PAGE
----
​There are three main regulatory reporting streams for accountable institutions:
  • Cash threshold reports (CTR) – on transactions i.e. cash received or issued, – exceeding R49 999.99. The threshold was recently increased by an amendment to the FIC Act. Please refer to Guidance Note 5C on the topic.
  • Suspicious and unusual transaction reports – on transactions that are unusual or arouse suspicion in terms of money laundering or terrorist financing activities. Depending on whether the transaction is completed or incomplete you would submit a suspicious transaction report (STR) or a suspicious activity report (SAR). These reports are subjective in the eyes of the reporting institution. Please refer to Guidance Note 4B on the topic.
  • Terrorist property report (TPR) – this is where there is a match with one of the parties to the transaction to the targeted financial sanctions (TFS) list or United Nations Security Council Resolution 1267 list. This is factual reporting. Please refer to Guidance Note 6A on this topic. 


Accountable institutions that encounter a financial transaction or activity that causes suspicion and is potentially linked to money laundering or terrorist financing must report the suspicion to the FIC. 

The obligation to report stems from section 29 of the FIC Act and is referred to as a suspicious and unusual transaction report (STR). The reporting of suspicious and unusual transactions is regarded as an essential element of the AML/CFT/PF programme for every country.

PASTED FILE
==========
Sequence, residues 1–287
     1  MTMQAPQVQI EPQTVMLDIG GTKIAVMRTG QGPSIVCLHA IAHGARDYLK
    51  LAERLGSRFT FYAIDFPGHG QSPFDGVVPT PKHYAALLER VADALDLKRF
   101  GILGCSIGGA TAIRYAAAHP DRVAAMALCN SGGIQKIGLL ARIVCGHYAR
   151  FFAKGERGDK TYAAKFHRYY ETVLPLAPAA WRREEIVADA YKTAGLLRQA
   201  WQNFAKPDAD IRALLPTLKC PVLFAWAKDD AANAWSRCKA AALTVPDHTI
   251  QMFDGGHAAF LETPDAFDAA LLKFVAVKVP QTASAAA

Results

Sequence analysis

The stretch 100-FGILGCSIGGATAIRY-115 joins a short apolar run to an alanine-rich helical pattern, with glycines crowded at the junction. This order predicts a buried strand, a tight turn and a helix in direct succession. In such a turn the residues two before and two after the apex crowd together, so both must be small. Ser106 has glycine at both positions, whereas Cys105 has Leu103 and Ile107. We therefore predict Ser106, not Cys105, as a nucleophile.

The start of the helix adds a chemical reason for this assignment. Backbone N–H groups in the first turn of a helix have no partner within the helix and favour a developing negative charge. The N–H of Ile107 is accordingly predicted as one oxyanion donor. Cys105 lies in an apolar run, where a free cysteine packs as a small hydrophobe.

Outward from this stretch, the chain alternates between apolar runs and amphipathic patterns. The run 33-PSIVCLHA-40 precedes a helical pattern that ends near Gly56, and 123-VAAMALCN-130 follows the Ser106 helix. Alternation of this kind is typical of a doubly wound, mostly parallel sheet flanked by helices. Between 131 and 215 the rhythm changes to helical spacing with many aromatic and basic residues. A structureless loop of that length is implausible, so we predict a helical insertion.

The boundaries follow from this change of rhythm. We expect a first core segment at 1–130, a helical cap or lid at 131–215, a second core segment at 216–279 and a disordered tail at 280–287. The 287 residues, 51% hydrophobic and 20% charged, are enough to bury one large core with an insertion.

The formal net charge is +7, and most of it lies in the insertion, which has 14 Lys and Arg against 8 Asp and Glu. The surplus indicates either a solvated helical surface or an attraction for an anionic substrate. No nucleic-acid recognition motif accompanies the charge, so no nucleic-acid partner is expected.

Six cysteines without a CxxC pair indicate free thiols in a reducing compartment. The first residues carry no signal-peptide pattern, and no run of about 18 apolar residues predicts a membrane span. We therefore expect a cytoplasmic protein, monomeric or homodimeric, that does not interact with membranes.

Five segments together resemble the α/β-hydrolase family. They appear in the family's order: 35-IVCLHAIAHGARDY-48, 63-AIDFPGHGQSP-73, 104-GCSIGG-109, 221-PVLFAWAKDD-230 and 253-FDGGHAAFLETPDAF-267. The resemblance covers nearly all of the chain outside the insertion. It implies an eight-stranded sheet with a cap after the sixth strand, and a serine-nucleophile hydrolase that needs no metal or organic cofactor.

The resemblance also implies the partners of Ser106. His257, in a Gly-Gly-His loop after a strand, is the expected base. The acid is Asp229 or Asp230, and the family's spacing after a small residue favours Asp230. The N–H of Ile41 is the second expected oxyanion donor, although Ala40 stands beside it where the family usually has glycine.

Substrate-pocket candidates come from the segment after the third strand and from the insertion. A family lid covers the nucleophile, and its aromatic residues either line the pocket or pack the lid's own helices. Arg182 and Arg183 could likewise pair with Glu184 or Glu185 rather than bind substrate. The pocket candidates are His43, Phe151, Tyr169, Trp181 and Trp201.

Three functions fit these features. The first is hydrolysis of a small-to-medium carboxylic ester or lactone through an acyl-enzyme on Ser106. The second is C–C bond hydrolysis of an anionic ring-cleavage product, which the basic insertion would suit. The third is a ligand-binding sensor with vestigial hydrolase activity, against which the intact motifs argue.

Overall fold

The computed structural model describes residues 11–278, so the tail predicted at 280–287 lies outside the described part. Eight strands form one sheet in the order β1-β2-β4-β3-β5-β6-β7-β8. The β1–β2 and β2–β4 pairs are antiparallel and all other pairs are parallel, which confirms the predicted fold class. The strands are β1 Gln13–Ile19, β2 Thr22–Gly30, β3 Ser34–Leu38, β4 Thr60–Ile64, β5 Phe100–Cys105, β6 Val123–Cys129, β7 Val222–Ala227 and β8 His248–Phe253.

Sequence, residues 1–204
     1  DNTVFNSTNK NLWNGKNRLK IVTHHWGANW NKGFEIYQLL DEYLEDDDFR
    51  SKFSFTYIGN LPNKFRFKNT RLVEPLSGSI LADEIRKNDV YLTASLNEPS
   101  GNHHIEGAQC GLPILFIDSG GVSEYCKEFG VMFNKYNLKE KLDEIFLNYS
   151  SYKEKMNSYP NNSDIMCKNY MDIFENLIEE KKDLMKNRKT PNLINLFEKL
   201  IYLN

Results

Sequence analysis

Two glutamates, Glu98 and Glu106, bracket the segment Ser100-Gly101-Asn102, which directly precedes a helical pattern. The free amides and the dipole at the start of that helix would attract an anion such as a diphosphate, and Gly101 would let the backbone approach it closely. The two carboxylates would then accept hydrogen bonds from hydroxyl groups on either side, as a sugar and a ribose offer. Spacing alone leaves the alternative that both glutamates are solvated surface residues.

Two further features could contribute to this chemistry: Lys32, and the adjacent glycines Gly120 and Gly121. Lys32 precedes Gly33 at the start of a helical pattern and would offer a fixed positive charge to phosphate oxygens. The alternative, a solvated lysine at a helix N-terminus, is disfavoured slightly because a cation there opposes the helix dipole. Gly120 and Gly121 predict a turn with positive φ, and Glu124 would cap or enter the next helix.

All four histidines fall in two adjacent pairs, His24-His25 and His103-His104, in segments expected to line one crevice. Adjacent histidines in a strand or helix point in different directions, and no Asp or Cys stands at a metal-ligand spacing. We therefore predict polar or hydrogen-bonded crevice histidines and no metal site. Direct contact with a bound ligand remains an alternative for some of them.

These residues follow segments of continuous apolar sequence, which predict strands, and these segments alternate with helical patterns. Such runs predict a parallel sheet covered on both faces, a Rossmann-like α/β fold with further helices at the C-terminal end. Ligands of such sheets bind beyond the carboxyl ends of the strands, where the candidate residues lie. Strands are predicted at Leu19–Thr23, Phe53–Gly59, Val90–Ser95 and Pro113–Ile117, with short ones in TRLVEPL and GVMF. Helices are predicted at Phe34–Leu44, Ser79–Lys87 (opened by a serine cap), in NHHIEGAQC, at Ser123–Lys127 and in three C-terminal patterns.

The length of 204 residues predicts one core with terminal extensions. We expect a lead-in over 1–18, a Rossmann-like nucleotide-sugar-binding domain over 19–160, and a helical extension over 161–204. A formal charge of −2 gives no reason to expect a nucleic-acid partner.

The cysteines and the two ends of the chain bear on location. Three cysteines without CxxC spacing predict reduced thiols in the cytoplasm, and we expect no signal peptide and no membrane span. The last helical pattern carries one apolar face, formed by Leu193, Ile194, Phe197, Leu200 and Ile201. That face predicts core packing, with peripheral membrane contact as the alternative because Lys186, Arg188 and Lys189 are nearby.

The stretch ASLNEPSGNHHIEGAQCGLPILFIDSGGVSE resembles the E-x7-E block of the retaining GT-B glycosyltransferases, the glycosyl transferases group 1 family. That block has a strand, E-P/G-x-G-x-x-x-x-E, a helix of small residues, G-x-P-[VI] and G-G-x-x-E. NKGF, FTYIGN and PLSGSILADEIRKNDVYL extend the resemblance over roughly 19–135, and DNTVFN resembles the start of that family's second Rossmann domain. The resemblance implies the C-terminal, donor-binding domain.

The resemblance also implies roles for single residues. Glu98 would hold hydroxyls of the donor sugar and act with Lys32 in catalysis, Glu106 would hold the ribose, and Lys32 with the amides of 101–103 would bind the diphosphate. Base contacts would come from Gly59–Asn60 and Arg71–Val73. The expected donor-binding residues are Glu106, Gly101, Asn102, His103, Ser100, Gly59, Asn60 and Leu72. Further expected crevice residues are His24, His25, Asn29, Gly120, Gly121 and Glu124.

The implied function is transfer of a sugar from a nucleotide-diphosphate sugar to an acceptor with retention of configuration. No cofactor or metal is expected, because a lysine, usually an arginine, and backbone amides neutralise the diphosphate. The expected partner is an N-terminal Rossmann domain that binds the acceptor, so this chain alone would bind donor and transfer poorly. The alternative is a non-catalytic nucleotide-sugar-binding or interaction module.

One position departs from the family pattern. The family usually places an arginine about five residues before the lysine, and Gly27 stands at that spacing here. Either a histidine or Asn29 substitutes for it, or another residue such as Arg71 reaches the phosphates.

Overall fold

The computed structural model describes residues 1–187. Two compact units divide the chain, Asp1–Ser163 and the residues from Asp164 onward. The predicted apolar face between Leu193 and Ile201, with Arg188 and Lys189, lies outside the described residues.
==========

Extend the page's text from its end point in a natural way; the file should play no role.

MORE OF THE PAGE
Businesses are best placed to identify unusual and suspicious transactions and activities due to their intimate knowledge of the customer's business, financial history, background, and behaviour. The FIC relies on information provided by reporters to identify the proceeds of crime and combat money laundering and terrorist financing. 

What constitutes a suspicious and unusual transaction or activity?

STRs must be filed when the institution knows or suspects that is has received or is about to receive the proceeds of crime, or is related to terrorist activity, and when it is known or suspected that an activity or transaction:

  • Is linked to the proceeds of unlawful activity
  • Facilitates the transfer of proceeds of unlawful activities
  • Has no apparent business or lawful purpose
  • May be relevant to the investigation of an evasion or attempted evasion of a duty to pay tax
  • Relates to the offence of financing of terrorist and related activities
  • Is in contravention of the prohibition to provide finance to a sanctioned person under section 26B of the FIC Act
  • Is structured with the purpose to avoid being reported in terms of the FIC Act. 

When filing an STR, the reporter does not have to prove that the funds involved in the transaction are linked to a crime, as the STR is based upon suspicion. There is also no monetary limit or threshold applied to STRs, where there is a suspicion or knowledge, the transaction or activity must be reported irrespective of the amount involved. An activity can also raise a suspicion, where there is no monetary value. This could include a cancelled transaction, a transaction in which enquiries are made but not conducted or any other behaviour that seems suspicious.